OPINION OF THE ARBITRAL TRIBUNAL

1. Applicable law

Article 19.7 of the Purchase and Sales Contract stipulates that "This contract is bound byINCOTERMS 2000." As China and Italy are both parties to the United Nations Convention on Contracts for the International Sales of Goods ("CISG"), and the contracting parties did not exclude the applicability of the CISG in the contract, the provisions of the CISG are the governing law to resolve the dispute. Moreover, the Tribunal has considered that China was the place of performance of the Contract and the Agreement and that both parties had chosen a Chinese arbitration center. Under the principle of the closest connection, for any matter not covered in the CISG, the law of the People's Republic of China shall apply.

2. The relationship between the Technical Agreement and the Purchase and Sales Contract

The Arbitral Tribunal notes that Article 2 of the Purchase and Sales Contract states that: "Please see the attachment: Technical Agreement.". According to the Technical Agreement, the purchaser is [Respondent Buyer BBB] and the seller is the [Claimant Seller], while in the Purchase and Sales Contract, the purchaser is [Respondent Buyer CCC], and the seller is the [Claimant Seller].

For the same purpose with the same subject, the two [Respondent Buyers] signed the Contract and the Agreement with the [Claimant Seller], respectively. During the execution of the contract, only [Respondent Buyer BBB] or its designated entities have contacted the [Claimant Seller] regarding the technical problems. Moreover, it was [Respondent Buyer BBB] who notified the [Claimant Seller] of the termination of the contract. Therefore, the Arbitration Tribunal holds that the Purchase and Sales Contract and the Technical Agreement form a complete agreement between the [Claimant Seller] and the [Respondent Buyers]. The two Respondents are buyers in the complete agreement. Therefore, they are entitled to the rights jointly and should jointly and severally bear the responsibilities under the contract, including the liability for breach of contract. The Arbitration Tribunal sustains the [Claimant Seller]'s claim that the [Respondent Buyers] should bear joint and several responsibilities under the contract.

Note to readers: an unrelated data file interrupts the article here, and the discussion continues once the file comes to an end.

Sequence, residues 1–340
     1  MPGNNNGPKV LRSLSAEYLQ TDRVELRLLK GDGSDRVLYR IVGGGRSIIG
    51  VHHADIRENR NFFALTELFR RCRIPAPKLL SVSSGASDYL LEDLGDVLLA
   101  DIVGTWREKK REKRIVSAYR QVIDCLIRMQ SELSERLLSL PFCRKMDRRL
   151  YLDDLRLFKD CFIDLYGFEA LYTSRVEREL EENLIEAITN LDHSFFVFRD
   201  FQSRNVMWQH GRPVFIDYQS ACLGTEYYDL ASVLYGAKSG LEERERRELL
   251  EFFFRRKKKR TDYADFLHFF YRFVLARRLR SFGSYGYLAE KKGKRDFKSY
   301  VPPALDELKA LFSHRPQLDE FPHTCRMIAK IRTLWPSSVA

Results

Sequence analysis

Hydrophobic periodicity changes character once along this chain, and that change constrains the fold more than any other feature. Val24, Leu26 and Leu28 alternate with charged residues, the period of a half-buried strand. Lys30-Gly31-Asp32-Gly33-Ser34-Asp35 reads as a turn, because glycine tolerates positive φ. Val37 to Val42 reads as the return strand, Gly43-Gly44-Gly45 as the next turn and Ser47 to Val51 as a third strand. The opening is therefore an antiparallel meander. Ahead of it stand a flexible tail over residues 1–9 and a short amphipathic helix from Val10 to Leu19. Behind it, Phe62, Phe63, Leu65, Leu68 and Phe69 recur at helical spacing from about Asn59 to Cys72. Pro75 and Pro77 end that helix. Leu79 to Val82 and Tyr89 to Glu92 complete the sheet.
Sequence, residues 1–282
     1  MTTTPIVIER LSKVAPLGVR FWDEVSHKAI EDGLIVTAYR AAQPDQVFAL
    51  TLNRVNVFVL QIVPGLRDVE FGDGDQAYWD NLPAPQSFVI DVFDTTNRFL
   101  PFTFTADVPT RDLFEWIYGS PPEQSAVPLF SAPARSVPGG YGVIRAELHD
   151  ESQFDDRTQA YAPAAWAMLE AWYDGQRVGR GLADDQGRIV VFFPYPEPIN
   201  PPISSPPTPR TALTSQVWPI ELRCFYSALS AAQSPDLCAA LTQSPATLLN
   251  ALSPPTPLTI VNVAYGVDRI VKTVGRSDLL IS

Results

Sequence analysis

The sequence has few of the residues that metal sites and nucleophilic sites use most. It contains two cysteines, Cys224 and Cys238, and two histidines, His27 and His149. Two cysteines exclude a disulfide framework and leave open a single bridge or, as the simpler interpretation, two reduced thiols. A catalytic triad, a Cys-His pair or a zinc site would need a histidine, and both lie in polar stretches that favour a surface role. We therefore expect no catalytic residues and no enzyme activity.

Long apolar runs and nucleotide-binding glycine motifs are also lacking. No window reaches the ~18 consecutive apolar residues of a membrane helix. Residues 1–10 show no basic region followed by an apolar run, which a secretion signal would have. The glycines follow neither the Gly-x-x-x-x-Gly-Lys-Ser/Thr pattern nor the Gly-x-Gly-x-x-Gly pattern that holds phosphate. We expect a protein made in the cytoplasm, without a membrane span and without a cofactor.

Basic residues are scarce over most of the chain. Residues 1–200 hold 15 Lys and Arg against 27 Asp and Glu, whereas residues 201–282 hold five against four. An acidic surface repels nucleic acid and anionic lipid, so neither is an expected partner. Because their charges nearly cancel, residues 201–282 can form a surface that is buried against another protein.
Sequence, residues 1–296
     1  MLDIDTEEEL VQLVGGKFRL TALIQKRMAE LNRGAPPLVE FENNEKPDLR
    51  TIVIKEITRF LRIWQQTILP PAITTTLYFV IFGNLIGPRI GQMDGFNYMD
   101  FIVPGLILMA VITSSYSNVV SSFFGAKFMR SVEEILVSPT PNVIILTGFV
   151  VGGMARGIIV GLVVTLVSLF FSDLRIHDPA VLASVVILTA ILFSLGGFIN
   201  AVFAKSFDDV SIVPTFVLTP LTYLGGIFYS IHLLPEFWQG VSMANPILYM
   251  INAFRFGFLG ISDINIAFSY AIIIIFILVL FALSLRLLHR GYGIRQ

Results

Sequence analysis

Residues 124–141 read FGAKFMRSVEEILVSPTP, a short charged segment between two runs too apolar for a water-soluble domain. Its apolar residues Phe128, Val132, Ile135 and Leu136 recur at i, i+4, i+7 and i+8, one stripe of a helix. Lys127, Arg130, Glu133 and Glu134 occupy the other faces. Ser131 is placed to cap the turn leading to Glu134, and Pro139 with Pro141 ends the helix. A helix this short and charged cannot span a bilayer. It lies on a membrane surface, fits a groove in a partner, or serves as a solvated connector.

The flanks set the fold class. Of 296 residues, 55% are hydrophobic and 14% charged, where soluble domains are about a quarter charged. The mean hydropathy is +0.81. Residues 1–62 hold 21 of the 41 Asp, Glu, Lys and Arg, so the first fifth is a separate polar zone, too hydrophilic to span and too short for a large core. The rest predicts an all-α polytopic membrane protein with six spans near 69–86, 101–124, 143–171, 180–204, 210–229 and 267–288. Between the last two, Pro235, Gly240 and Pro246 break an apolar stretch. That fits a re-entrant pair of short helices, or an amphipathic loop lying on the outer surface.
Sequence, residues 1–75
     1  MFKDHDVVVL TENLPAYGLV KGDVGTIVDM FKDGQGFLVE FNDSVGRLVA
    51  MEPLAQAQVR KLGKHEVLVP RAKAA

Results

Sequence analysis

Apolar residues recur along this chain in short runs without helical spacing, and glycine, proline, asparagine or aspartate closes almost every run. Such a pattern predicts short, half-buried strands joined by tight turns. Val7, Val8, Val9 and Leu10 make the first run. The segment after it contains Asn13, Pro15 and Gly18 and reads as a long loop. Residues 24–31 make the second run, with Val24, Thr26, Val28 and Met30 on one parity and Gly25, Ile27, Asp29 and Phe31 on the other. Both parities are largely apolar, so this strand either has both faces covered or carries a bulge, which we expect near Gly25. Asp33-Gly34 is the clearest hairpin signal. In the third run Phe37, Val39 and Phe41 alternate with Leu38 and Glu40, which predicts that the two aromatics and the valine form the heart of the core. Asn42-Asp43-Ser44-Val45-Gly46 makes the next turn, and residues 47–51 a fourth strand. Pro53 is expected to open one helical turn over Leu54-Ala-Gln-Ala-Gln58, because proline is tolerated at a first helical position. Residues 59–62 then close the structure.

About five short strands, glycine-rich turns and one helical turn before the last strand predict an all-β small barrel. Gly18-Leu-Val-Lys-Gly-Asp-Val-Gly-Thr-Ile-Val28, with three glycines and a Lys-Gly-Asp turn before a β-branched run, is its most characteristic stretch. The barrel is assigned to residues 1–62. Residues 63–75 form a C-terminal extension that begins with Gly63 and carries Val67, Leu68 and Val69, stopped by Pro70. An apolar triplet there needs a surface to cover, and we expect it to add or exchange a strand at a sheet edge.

3. The issue concerning breach of contract

In this case, the [Respondent Buyers] argued the [Claimant Seller] had breached the contract and the [Respondent Buyers] had the right to stop the development of the mold and terminate the Contract.

The [Respondent Buyers] claimed that the following actions by the [Claimant Seller] constituted breach of contract:

   1)    The [Respondent Buyers] alleged that the [Claimant Seller] did not add draft angles and this constituted a breach of contract.
 
   2)    The [Respondent Buyers] alleged that the [Claimant Seller]'s failure to submit the information about the usage of water, electricity and gas according to the schedule stipulated in the Contract constituted a breach of contract.
 
   3)   Since the [Respondent Buyers] could not contact the [Claimant Seller] in that the [Claimant Seller]'s Shanghai office closed for summer holiday, the performance of contract was delayed for three weeks.
 
   4)    After the meeting of the new schedule, the [Claimant Seller] postponed the time of delivery of the design several times and refused to modify the draft of design.

Regarding the above allegations, the Tribunal's opinions are:

            Re 1). The responsibility for adding the draft angles is not stipulated in the Contract and Agreement, and there is no general understanding regarding it. Therefore, the Tribunal holds that the [Claimant Seller] has not breached the contract.

            Re 2). The [Respondent Buyers] believe that the [Claimant Seller] had not complied with Article 12.1.2. of the Contract, stating that the [Claimant Seller] should have provided the [Respondent Buyers] with technical information on the water, electricity and gas usage within 35 working days after the conclusion of the Contract. Therefore, the [Respondent Buyers] alleged that the [Claimant Seller] had breached the contract.

However, the [Claimant Seller] believed that a prerequisite of the above requirement is for the [Respondent Buyers] to provide the 3-D drawing and sample within the abovementioned time limit according to Article 7.1. Since the [Respondent Buyers] failed to provide the drawing and sample timely, the [Claimant Seller] could not complete the design of the mold and thus failed to provide the required information as stipulated in the contract. Moreover, Article 12.1.2 stated "if necessary…" in the English version of the Contract. Therefore, the [Claimant Seller] believed that there was no obligation to provide the abovementioned technical information. According to the above the discussion, the Tribunal gives the following opinions regarding the dispute over Article 12.1.2.